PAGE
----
An Angel Tree For My Angel Baby

It’s official. Luca’s tree is dead. Or dying. Either way you look at it it’s not good.

A handful of tiny blossoms popped out on top during the past couple of weeks. But nearly every branch is cold and bare.

Last year the tree was beautiful. This year it’s gone.

The more I think about it the more the tree and its short life hauntingly parallels my experience with Luca.

In the fall everything looked beautiful.

In the spring it all was gone.

I remember praying that everything would be all right with Luca.


I prayed all evening on April 21, 2010.

I prayed that he would move, kick, twist, punch – anything!

I prayed until 2 a.m. when I could no longer lie in my bed and wait.

I prayed as we headed to the hospital.

I prayed when we saw the still ultrasound image of our baby’s non-beating heart.

I prayed while in labor.

I prayed that entire time that Luca would live. That everything would be all right.


But it wasn’t.


We have prayed for Luca’s tree dozens of times lately.

We have prayed that it would blossom.

We have prayed that it would grow.

We have prayed that it would live.


But is hasn’t.


How could something so beautiful die? How could it be just fine one moment, then perishing the next?

I now have an angel tree for my angel baby. How ironic.

It has reminded me of how much I learned with Luca. I learned that sometimes things are not meant to be. Sometimes prayers aren’t answered – at least not in the way we want them to be. Sometimes you have to say goodbye.

The city is in the process of planting a new tree to replace the one that died. Our family went to the local nursery and picked out a new one.

This is where the story of the tree’s death no longer parallels that of my baby Luca’s.

Because no matter how many babies I could have, I would never be able to replace him. I can’t go pick out a new Luca.

He is rooted in my heart forever.

While I am terribly sad that Luca’s tree died, I am trying to look for the positive.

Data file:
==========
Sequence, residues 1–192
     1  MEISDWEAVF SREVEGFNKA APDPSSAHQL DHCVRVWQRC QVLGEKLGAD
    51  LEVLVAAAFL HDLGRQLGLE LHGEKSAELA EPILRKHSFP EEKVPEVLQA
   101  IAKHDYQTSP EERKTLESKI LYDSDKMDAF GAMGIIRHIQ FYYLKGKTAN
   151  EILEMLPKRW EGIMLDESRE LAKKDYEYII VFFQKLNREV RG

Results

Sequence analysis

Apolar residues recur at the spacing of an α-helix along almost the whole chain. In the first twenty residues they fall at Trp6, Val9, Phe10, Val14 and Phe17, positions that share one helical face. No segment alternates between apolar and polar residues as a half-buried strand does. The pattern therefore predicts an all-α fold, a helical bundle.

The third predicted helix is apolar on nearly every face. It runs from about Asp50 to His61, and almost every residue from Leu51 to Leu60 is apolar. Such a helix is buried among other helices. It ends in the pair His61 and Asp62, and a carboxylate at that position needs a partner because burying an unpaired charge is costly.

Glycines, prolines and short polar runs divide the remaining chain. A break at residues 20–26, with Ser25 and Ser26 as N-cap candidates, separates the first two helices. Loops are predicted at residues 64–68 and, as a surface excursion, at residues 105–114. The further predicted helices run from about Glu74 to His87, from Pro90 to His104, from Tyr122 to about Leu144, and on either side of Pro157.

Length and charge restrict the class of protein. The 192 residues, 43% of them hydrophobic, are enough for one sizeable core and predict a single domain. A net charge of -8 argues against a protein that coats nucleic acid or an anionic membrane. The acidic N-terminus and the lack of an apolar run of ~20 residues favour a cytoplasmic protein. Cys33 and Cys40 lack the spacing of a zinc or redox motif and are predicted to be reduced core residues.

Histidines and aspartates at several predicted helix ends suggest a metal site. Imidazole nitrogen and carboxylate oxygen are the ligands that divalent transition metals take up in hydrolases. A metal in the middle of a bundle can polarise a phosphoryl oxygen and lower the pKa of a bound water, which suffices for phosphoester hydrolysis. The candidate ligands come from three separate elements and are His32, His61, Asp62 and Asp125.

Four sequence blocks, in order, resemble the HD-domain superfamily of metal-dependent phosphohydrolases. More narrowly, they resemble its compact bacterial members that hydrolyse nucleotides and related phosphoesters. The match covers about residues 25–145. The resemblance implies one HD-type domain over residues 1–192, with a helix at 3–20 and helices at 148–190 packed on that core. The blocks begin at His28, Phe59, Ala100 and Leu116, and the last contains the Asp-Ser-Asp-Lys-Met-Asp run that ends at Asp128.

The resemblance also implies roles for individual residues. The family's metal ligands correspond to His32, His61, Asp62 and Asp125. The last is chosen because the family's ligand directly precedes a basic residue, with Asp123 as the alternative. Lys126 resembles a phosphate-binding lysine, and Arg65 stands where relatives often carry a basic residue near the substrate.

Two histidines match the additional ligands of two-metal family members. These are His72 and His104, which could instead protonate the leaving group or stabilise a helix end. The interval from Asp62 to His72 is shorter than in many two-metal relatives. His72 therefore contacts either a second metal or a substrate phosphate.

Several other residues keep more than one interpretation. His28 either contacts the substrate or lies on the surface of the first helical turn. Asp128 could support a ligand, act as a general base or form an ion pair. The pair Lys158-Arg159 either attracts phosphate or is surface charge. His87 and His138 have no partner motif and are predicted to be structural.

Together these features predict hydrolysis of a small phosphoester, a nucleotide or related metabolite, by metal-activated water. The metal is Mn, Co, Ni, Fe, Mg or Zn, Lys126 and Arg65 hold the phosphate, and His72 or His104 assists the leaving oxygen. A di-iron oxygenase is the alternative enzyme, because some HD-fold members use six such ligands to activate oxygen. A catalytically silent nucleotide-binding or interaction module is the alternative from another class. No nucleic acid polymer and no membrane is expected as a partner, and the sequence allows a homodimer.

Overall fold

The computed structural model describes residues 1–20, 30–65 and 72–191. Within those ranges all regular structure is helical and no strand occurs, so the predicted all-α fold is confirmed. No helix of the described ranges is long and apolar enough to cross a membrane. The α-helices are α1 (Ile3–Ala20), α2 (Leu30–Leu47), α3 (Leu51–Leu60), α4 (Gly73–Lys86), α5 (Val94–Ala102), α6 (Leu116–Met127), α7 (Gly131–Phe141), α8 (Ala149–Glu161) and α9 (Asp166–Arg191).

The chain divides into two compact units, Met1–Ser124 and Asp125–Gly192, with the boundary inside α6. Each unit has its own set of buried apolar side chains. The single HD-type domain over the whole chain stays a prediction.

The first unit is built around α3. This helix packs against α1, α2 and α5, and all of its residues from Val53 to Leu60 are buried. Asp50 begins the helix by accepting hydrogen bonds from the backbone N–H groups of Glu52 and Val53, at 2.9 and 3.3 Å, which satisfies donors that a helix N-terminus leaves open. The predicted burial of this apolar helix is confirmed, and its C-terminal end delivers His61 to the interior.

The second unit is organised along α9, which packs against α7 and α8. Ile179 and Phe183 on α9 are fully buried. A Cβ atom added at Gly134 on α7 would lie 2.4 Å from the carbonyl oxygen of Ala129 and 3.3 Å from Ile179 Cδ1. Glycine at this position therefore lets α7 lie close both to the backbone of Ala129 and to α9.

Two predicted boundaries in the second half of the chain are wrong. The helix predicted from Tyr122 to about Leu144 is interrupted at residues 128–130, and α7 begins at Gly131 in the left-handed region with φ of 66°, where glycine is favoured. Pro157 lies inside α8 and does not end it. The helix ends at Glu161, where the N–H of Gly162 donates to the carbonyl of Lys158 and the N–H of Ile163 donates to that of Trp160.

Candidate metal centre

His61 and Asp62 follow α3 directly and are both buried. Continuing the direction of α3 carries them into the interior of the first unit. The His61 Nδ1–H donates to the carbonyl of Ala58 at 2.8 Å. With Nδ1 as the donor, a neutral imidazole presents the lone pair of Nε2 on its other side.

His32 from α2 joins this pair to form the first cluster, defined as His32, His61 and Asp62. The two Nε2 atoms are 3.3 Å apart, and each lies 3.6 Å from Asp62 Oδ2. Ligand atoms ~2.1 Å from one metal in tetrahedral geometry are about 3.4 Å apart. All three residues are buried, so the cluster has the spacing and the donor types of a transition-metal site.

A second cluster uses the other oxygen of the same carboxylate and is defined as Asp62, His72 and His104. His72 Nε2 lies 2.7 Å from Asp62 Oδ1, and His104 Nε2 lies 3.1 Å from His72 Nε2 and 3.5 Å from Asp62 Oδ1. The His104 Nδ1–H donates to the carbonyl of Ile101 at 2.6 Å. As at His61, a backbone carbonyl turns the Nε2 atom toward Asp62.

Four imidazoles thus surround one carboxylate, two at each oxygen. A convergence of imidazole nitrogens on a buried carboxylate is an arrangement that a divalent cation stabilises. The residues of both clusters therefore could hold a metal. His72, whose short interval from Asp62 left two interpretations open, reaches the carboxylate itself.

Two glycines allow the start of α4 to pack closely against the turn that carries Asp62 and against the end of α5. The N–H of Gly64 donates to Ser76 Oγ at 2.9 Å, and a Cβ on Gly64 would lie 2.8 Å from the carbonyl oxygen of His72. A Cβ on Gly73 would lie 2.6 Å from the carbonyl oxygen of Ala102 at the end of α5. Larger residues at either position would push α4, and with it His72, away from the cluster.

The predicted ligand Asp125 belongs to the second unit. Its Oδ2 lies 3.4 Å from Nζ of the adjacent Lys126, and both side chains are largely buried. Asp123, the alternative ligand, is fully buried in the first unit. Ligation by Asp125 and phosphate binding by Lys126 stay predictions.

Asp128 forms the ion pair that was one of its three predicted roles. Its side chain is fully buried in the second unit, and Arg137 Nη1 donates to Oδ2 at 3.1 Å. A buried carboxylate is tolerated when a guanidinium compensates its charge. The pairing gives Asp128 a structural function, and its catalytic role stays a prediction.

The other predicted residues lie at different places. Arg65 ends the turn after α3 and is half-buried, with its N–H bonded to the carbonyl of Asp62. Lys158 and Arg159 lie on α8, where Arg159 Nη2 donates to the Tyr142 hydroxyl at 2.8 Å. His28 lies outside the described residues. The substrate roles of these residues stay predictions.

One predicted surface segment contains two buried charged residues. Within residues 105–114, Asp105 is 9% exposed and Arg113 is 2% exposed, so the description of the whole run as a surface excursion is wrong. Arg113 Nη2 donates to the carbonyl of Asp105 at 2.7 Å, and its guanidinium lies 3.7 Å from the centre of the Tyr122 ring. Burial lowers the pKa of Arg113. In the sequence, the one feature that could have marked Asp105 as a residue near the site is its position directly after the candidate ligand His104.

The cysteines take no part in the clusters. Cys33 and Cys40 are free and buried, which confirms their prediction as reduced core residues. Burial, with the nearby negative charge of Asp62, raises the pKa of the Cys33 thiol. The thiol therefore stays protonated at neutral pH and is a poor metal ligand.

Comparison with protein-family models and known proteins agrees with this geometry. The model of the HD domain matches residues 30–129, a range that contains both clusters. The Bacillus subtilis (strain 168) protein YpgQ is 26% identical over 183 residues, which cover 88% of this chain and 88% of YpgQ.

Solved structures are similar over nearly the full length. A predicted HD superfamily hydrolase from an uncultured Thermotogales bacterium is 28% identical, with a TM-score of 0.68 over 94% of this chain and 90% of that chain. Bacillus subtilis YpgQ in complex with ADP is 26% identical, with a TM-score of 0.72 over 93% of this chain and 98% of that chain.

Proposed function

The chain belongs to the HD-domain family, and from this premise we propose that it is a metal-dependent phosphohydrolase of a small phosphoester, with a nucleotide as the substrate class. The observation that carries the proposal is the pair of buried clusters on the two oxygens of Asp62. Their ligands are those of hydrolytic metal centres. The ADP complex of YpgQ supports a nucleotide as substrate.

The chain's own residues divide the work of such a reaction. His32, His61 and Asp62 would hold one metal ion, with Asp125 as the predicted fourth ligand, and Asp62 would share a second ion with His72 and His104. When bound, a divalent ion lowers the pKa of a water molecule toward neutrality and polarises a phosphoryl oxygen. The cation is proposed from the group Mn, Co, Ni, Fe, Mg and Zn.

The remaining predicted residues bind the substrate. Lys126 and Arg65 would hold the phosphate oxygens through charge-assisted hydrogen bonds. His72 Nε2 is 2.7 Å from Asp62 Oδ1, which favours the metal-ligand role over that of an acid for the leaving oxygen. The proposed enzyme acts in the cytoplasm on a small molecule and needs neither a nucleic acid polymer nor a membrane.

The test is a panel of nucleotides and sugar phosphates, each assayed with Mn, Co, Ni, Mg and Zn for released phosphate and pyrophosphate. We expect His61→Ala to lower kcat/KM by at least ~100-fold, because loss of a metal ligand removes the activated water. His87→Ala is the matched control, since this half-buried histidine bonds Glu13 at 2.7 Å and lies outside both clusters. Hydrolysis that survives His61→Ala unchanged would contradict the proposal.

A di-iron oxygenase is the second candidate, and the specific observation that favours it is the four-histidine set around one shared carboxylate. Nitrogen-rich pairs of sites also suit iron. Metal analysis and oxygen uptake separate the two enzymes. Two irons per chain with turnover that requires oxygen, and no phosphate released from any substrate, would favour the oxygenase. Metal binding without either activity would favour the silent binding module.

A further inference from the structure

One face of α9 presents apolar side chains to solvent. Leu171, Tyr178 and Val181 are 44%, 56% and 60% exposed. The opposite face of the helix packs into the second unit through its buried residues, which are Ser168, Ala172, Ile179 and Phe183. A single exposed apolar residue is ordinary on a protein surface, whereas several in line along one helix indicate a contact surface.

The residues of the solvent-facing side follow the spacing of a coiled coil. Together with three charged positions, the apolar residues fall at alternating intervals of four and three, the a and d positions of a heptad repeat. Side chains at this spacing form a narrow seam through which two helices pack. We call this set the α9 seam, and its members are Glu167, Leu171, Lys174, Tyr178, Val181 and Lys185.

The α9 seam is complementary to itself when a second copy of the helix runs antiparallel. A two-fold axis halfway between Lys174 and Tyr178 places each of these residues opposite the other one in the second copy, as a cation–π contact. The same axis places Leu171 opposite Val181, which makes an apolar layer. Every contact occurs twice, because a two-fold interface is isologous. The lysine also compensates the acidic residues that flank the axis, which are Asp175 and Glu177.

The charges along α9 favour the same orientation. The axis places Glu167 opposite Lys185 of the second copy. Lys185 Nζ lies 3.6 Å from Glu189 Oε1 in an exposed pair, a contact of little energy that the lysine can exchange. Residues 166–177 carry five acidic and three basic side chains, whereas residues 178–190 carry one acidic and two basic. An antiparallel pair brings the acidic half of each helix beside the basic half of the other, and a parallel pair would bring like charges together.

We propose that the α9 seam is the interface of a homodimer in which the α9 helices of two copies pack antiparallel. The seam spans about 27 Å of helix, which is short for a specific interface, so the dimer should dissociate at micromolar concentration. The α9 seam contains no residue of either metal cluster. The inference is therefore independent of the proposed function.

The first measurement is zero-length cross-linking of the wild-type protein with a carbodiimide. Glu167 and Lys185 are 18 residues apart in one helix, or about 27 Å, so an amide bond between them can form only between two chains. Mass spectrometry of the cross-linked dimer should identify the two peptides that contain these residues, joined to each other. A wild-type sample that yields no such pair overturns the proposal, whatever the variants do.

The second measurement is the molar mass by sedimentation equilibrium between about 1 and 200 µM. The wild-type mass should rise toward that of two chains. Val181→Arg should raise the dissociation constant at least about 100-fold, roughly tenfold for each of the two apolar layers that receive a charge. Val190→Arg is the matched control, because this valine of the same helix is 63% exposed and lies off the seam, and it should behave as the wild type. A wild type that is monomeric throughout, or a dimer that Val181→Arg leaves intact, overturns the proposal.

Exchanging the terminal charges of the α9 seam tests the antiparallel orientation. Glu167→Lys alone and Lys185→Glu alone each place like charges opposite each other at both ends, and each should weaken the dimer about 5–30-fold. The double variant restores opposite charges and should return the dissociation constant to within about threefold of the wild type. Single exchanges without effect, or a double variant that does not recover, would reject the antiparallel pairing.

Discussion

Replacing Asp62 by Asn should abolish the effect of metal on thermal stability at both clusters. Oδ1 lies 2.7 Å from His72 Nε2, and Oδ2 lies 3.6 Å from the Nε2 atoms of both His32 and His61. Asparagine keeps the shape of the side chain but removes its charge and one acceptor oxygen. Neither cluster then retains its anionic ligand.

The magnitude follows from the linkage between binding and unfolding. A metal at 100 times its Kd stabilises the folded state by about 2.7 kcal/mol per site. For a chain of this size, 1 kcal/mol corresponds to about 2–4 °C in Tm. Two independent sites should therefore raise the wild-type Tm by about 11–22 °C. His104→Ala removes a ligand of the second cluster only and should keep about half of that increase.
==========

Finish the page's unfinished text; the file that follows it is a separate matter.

Planting that tree last year was a great experience for our family. It was a great way to celebrate our little baby’s fifth angelversary. It gave us something to look forward to during that milestone birthday – something to plan for.

I don’t know why the tree died, but I know it has reminded me that I should not take anything for granted. Boy how I need to be reminded of that over and over. It’s a lesson I just can’t seem to learn.

As I sit under the shade of that tree I’ll think of these experiences and remember how much of a sacrifice it was to get it there. I’ll remember our family’s trip to the nursery to pick out the two separate trees. I’ll remember how hard and clay-like the ground was when we planted the original one. I’ll remember how beautiful it stood that first year.

I’ll remember my little Luca. How hard it was to get him here. How brief his life was. But how beautiful he was in my arms.

He and his tree will be forever implanted in my memory.

Most people who play at the park probably won’t think twice about the new Eastern Redbud in the corner near the bench and lamppost. To them it might be just part of the landscaping. To me it has become much, much more.

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